Predictors of Epstein-Barr virus serostatus in young people in England

Research output: Contribution to journalArticle


  • Joanne R Winter
  • Olivia G Thomas
  • Charlotte Jackson
  • Joanna E A Lewis
  • Helen R Stagg

Colleges, School and Institutes

External organisations

  • Centre for Molecular Epidemiology and Translational Research, Institute for Global Health, University College London, London, UK.
  • Current address: MRC Clinical Trials Unit, University College London, London, UK.
  • National Institute for Health Research (NIHR) Health Protection Research Unit in Modelling Methodology, and Medical Research Council Centre for Outbreak Analysis and Public Health, Department of Infectious Disease Epidemiology, Imperial College London, London, UK.


BACKGROUND: Epstein-Barr virus (EBV) is an important human pathogen which causes lifelong infection of > 90% people globally and is linked to infectious mononucleosis (arising from infection in the later teenage years) and several types of cancer. Vaccines against EBV are in development. In order to determine the most cost-effective public health strategy for vaccine deployment, setting-specific data on the age at EBV acquisition and risk factors for early infection are required. Such data are also important to inform mathematical models of EBV transmission that can determine the required target product profile of vaccine characteristics. We thus aimed to examine risk factors for EBV infection in young people in England, in order to improve our understanding of EBV epidemiology and guide future vaccination strategies.

METHODS: The Health Survey for England (HSE) is an annual, cross-sectional representative survey of households in England during which data are collected via questionnaires and blood samples. We randomly selected individuals who participated in the HSE 2002, aiming for 25 participants of each sex in each single year age group from 11 to 24 years. Stored samples were tested for EBV and cytomegalovirus (CMV) antibodies. We undertook descriptive and regression analyses of EBV seroprevalence and risk factors for infection.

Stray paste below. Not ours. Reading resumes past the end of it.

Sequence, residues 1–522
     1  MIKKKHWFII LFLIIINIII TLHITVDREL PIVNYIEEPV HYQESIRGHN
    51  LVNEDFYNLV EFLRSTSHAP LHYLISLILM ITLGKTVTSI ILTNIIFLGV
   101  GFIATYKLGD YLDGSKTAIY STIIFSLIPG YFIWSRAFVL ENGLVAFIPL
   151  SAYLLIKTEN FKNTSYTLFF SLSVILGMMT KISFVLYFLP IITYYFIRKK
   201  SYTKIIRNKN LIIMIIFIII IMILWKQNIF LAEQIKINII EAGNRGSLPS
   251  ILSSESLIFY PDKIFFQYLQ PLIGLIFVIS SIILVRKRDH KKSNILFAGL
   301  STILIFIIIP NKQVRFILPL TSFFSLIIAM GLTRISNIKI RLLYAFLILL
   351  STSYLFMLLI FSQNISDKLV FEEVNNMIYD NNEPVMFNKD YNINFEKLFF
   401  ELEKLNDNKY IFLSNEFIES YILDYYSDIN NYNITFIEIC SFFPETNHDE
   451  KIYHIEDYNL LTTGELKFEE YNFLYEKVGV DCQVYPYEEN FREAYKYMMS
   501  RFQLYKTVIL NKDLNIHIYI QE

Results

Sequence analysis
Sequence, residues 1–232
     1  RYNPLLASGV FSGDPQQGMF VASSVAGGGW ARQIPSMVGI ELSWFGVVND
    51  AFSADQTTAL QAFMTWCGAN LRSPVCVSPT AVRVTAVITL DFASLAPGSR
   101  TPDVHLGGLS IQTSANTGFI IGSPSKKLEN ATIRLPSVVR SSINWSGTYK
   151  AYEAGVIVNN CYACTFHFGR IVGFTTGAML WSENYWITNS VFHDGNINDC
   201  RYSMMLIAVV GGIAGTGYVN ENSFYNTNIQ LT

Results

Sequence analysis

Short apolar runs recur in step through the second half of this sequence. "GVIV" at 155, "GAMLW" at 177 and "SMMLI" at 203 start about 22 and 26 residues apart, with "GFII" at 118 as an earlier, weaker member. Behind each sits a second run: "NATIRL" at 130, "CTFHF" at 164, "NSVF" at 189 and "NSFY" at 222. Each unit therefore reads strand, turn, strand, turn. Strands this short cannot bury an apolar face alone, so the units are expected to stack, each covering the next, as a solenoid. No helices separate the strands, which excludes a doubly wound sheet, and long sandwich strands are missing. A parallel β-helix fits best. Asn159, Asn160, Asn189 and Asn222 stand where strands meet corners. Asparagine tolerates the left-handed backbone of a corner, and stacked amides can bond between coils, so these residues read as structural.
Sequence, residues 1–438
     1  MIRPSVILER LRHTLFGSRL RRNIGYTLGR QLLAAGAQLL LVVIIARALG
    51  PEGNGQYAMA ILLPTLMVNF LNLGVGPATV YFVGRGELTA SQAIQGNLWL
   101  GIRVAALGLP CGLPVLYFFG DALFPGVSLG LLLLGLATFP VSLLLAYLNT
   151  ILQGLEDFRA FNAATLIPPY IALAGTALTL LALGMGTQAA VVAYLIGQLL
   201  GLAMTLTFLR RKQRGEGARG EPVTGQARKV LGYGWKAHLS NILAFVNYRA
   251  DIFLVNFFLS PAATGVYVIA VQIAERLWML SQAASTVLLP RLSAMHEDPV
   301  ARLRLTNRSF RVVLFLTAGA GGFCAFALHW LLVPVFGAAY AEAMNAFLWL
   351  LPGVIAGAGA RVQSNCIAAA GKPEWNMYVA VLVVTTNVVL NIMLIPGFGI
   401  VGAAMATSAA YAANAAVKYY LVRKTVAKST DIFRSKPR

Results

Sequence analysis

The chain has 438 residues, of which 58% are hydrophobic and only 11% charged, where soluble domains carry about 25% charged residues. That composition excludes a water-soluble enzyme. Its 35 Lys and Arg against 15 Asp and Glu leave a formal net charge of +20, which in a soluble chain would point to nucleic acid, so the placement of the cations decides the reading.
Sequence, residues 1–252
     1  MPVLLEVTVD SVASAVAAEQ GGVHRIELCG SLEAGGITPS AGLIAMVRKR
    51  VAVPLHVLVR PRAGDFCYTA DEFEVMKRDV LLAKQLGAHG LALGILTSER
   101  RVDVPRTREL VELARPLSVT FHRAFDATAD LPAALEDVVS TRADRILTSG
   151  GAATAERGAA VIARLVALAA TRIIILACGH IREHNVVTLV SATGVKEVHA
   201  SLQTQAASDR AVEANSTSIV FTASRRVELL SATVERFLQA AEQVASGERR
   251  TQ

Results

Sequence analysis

RESULTS: Demographic data and serostatus were available for 732 individuals. EBV seroprevalence was strongly associated with age, increasing from 60.4% in 11-14 year olds throughout adolescence (68.6% in 15-18 year olds) and stabilising by early adulthood (93.0% in those aged 22-24 years). In univariable and multivariable logistic regression models, ethnicity was associated with serostatus (adjusted odds ratio for seropositivity among individuals of other ethnicity versus white individuals 2.33 [95% confidence interval 1.13-4.78]). Smoking was less strongly associated with EBV seropositivity.

CONCLUSIONS: By the age of 11 years, EBV infection is present in over half the population, although age is not the only factor associated with serostatus. Knowledge of the distribution of infection in the UK population is critical for determining future vaccination policies, e.g. comparing general versus selectively targeted vaccination strategies.


Original languageEnglish
Article number1007
JournalBMC Infectious Diseases
Issue number1
Publication statusPublished - 28 Nov 2019


  • Adolescent, Antibodies, Viral/blood, Child, Cross-Sectional Studies, Cytomegalovirus Infections/blood, England/epidemiology, Epstein-Barr Virus Infections/blood, Female, Herpesvirus 4, Human/immunology, Humans, Logistic Models, Male, Odds Ratio, Prevalence, Risk Factors, Surveys and Questionnaires, Young Adult